Letters to the editor

Addressing Congress on March 16, Ukraine President Volodymyr Zelenskyy said to President Joe Biden, “Being the leader of the world means to be the leader of peace.”

In my view, if Biden was in fact “the leader of the world” and “the leader of peace,” Russia’s invasion of Ukraine would not have happened. If Biden engages directly with Russian President Vladimir Putin, I believe that the fighting would end quickly. Sooner or later, this war will conclude with a negotiated settlement. Let that be now!

Russia has stated that it will stop its invasion if Ukraine declares neutrality, acknowledges Crimea as Russian territory and recognizes the independence of the breakaway Donbas republics.

Instead of pursuing negotiations on those terms, which could lead to a potential cease-fire, the U.S. is working with its NATO allies to continue the build-up of arms in Eastern Europe and Ukraine. Do U.S. leadership and NATO really want war with Russia?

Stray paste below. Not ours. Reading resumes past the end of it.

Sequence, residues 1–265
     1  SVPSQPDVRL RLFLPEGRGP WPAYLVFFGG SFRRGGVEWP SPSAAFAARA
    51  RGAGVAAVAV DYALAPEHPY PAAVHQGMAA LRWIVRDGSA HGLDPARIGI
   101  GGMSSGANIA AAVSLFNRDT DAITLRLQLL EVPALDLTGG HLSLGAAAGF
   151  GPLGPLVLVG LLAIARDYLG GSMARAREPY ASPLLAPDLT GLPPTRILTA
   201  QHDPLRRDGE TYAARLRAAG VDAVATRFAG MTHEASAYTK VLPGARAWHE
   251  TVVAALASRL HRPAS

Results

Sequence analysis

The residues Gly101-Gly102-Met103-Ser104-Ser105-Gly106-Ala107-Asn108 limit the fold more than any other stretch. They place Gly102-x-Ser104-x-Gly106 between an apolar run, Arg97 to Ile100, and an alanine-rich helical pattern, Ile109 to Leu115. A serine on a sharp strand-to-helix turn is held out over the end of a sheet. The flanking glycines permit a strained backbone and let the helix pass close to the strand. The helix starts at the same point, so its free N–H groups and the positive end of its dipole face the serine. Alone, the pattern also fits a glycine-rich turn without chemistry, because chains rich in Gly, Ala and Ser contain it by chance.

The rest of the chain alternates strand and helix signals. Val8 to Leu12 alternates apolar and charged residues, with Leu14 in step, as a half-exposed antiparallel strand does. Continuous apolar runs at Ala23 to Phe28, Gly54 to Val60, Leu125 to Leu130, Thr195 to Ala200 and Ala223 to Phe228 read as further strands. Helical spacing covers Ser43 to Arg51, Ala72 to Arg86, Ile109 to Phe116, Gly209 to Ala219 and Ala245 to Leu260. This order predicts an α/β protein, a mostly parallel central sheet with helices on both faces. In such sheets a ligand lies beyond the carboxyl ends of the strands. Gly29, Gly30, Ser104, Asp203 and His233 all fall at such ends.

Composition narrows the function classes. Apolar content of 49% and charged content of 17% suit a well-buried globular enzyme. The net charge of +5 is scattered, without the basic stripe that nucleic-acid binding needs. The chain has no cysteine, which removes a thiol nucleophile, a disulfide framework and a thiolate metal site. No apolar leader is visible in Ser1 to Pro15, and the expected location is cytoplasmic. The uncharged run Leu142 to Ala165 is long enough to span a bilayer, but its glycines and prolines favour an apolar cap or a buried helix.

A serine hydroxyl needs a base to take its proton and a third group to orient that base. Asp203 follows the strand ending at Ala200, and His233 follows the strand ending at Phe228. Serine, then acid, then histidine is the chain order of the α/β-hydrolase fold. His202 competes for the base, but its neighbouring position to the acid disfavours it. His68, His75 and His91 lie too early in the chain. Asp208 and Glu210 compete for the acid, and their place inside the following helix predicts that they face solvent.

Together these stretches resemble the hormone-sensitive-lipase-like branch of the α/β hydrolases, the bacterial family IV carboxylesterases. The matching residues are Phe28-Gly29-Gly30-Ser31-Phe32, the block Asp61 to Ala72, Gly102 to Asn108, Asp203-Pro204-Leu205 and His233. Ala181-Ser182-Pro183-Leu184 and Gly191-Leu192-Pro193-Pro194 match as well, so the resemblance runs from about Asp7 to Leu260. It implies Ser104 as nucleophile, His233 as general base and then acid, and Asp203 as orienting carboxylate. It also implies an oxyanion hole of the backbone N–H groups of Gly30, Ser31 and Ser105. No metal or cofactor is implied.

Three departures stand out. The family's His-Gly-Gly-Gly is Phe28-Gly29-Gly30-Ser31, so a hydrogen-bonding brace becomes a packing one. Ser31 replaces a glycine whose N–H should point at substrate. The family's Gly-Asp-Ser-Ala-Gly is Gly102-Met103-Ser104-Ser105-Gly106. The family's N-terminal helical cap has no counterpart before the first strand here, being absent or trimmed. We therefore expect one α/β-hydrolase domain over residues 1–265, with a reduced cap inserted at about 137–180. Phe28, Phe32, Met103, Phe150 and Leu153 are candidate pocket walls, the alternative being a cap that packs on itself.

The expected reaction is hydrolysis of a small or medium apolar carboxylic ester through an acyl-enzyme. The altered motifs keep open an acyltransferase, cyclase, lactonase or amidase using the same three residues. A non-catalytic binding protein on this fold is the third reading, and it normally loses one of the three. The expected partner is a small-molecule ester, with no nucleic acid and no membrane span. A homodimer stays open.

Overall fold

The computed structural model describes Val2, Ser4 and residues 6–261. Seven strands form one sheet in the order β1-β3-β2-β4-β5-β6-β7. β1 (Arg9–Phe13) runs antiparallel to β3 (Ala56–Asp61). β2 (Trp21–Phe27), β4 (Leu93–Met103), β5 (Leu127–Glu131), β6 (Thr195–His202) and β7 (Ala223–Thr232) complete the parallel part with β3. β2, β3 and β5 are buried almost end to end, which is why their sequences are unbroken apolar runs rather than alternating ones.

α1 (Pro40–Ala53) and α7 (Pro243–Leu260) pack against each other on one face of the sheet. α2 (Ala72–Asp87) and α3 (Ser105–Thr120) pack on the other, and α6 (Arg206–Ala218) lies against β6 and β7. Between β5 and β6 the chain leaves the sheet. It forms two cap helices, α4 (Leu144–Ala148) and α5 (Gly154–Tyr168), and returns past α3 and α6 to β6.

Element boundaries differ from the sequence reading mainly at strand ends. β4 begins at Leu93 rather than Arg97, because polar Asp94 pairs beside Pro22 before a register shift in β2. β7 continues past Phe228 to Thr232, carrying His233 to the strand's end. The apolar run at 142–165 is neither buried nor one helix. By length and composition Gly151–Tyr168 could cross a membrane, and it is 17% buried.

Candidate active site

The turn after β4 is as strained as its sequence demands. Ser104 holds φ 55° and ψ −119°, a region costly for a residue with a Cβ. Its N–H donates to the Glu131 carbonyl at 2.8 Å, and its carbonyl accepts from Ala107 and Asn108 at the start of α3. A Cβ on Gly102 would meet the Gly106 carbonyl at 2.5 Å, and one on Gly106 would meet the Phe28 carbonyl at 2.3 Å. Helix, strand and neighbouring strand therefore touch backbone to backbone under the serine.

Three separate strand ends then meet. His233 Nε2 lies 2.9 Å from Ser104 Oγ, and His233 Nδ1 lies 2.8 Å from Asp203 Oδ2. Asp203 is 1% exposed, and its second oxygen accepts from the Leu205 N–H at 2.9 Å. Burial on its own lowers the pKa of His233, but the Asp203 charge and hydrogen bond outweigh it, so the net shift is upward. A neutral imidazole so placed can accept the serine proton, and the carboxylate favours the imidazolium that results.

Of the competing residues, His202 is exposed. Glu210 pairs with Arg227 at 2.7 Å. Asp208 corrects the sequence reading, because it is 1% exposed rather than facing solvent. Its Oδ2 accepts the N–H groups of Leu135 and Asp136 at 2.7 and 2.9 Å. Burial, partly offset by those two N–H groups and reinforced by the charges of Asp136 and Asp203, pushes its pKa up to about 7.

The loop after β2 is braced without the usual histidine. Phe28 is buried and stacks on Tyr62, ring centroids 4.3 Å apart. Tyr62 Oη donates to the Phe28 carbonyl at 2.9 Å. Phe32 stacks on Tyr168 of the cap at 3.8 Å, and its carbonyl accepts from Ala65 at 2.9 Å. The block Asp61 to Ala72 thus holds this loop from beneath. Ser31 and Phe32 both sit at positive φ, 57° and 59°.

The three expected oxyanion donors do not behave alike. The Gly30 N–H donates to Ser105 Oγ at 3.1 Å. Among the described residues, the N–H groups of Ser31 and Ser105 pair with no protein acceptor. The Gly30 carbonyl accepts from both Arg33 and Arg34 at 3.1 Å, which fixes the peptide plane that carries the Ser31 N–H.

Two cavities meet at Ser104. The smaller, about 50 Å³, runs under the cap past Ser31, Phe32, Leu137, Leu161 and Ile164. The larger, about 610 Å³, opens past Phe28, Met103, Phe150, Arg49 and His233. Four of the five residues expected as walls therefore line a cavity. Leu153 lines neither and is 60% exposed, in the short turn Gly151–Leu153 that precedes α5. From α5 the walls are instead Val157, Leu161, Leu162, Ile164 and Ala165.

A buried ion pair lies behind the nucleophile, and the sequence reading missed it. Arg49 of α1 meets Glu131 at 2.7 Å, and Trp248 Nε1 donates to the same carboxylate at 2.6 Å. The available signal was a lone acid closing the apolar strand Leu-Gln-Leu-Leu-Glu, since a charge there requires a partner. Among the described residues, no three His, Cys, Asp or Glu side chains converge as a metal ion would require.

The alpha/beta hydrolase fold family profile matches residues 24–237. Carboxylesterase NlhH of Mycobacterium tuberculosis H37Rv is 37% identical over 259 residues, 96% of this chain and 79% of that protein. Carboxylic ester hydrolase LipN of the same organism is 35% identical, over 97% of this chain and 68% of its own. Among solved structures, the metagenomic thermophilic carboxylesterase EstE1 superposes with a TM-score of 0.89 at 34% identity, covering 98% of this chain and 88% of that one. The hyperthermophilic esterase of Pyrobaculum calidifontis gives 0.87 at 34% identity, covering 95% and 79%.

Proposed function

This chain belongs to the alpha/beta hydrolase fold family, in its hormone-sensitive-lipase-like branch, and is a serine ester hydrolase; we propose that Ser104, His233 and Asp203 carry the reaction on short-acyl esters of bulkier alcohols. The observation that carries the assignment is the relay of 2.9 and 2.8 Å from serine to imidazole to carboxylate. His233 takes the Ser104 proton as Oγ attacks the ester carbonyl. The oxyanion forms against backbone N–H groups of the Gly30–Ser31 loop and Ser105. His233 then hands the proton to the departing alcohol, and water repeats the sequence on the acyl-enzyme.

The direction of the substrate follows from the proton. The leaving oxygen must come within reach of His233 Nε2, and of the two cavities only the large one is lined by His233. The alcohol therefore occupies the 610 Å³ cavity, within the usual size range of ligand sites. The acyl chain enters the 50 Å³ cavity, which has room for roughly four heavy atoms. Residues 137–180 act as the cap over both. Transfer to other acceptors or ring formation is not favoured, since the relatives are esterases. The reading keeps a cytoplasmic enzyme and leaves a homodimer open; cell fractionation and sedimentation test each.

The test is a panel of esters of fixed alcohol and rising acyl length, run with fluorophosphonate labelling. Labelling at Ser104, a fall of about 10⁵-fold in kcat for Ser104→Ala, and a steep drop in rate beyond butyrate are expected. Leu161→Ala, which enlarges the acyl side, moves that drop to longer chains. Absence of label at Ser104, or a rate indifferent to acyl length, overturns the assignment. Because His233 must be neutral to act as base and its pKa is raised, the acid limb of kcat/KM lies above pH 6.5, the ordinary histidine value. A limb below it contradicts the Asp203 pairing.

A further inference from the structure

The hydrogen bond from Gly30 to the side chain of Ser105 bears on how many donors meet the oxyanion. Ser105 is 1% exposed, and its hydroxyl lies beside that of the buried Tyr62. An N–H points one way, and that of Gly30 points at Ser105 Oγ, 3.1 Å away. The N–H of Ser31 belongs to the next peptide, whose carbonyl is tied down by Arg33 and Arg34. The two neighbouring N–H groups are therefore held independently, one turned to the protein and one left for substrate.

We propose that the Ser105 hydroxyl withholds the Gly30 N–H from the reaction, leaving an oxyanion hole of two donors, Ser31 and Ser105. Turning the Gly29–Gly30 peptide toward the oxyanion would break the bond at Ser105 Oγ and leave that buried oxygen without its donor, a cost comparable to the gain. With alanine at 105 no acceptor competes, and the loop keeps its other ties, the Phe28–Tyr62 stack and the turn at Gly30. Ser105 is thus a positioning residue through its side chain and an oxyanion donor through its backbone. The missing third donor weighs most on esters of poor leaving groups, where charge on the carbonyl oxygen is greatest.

If one’s product is a weapon, one’s market is war. In 1961 outgoing President Dwight Eisenhower warned us of the U.S. military-industrial complex, which I believe has now become the military-industrial-congressional-intelligence-media-academia-think-tank complex that foments war around the world.

U.S. taxpayers concerned about inflation and the climate crisis can’t keep paying the likes of Lockheed Martin, Raytheon and General Dynamics to build weaponry to kill people and destroy things while the world’s families suffer the atrocities of war, go hungry, lack housing and health care and yearn for ecological well-being.

While Biden is presented daily with opportunities to become the world’s peacemaker, it’s time for U.S. taxpayers to end the war industry’s power over Congress and begin regarding the whole world as our community. Our vulnerable planet is too small for us to think otherwise.

Harold A. Penner

Akron

What to Read Next